In 2001 Jack Cardiff (1914-2009) became the first director of photography in the history of the Academy Awards to win an Honorary Oscar. But the first time he clasped the famous statuette ... See full summary »
In 2001 Jack Cardiff (1914-2009) became the first director of photography in the history of the Academy Awards to win an Honorary Oscar. But the first time he clasped the famous statuette in his hand was a half-century earlier when his Technicolor camerawork was awarded for Powell and Pressburger's Black Narcissus. Beyond John Huston's The African Queen and King Vidor's War and Peace, the films of the British-Hungarian creative duo (The Red Shoes and A Matter of Life and Death too) guaranteed immortality for the renowned cameraman whose career spanned seventy years. Written by
Karlovy Vary International Film Festival
[Introducing Jack Cardiff prior to presenting him with his honorary Oscar in 2001]
For those of us who are 70 years old or younger, Jack Cardiff was shooting film before we were born.
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The first 22 names in the cast (through Michael Powell) are listed in the end credits in the order shown. The remaining credited cast members are identified by the narrator or Jack Cardiff. See more »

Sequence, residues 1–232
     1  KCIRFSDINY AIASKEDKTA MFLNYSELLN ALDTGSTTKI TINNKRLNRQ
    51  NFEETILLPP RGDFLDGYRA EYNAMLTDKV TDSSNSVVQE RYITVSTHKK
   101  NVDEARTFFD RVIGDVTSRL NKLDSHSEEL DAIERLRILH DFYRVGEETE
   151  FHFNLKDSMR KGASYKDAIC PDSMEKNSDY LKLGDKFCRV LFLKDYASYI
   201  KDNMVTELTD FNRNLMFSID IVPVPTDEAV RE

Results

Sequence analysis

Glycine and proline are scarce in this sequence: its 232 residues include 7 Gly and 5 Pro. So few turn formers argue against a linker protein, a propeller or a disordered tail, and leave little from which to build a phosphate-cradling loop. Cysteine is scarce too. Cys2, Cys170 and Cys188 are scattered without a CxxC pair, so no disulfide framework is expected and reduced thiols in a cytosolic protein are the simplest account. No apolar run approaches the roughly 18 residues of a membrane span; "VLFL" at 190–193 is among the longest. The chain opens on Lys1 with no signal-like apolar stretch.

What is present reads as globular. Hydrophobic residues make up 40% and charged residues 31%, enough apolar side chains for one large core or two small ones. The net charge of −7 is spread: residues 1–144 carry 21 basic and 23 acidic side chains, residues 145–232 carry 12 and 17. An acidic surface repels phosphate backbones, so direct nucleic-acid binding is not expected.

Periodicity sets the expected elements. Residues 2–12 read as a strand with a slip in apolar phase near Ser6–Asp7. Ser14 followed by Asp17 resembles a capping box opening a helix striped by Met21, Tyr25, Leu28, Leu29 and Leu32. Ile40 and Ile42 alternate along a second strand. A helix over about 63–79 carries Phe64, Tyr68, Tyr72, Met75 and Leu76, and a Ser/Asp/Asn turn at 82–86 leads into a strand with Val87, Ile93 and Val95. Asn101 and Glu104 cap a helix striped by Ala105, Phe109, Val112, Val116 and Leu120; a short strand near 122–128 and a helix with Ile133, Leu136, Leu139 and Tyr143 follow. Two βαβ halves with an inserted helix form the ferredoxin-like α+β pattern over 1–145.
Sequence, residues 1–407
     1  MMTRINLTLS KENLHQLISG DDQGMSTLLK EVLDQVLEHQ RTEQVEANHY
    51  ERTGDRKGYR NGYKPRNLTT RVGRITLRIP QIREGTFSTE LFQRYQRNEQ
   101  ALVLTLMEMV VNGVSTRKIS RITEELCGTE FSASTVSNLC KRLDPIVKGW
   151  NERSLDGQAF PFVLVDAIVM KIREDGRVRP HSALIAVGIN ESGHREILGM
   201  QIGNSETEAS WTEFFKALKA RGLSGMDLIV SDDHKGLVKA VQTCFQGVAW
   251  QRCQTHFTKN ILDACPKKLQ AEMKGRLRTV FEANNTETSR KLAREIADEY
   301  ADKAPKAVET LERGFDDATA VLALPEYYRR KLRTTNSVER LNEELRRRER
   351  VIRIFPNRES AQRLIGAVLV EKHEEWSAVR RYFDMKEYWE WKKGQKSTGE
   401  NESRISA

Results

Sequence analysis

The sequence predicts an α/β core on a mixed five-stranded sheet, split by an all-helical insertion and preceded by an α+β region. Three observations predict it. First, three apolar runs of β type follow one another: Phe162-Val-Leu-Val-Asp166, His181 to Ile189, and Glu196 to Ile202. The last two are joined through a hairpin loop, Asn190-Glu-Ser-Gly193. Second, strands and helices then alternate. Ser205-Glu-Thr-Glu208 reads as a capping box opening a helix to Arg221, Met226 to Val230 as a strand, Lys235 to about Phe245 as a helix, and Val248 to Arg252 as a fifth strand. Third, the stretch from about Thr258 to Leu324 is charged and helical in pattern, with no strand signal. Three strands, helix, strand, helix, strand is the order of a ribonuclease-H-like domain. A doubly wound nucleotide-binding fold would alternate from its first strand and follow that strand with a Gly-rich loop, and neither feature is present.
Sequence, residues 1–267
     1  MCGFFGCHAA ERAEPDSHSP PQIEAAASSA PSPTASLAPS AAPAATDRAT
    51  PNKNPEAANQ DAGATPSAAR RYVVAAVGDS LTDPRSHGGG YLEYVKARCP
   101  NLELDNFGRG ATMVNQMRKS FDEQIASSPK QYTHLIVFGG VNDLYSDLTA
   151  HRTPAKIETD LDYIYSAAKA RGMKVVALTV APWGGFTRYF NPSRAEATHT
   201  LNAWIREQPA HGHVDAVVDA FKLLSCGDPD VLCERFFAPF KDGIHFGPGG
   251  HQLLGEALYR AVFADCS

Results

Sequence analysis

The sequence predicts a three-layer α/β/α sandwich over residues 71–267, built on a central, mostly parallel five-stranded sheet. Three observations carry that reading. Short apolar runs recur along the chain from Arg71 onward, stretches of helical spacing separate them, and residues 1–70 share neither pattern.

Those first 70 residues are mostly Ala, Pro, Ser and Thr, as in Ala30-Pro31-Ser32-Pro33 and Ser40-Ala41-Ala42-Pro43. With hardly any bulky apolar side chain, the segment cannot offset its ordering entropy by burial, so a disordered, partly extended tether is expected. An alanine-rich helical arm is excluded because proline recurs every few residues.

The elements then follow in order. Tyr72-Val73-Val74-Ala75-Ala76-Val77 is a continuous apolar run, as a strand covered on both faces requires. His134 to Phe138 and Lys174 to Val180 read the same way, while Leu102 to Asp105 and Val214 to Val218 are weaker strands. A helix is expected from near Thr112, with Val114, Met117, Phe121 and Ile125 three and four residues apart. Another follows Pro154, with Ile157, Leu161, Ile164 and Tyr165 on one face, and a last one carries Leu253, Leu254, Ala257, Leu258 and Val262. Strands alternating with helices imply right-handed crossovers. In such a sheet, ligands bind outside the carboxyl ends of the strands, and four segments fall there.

Celebrating an 80-year career...predictably colorful, unexpectedly moving
British cinematographer Jack Cardiff, who made a name for himself with his splashy camera-work on the classic Powell & Pressburger films "A Matter of Life and Death", "Black Narcissus", and "The Red Shoes", recounts the cinematic milestones of his long career. Transitioning from British cinema to Hollywood filmmaking in the 1950s, Cardiff went on to work with such diverse directors as Alfred Hitchcock, Henry Hathaway, King Vidor, and John Huston. The film clips are well used, and the celebrity fans (such as Martin Scorsese) and co-workers who comment are interesting, though the second half of this documentary (after Cardiff moved from director of photography to the director's chair) is left a bit sketchy. Receiving an Academy Award nomination as Best Director for 1960's "Sons and Lovers", Cardiff admits this was the peak of his professional career...and yet we are left uncertain why such a talented and respected man didn't receive better assignments in later years. Still, finishing off with Cardiff's recent honorary Oscar celebration for the bulk of his work was a nice touch, proving that wisdom and talent go hand in hand--and age doesn't necessarily diminish either.
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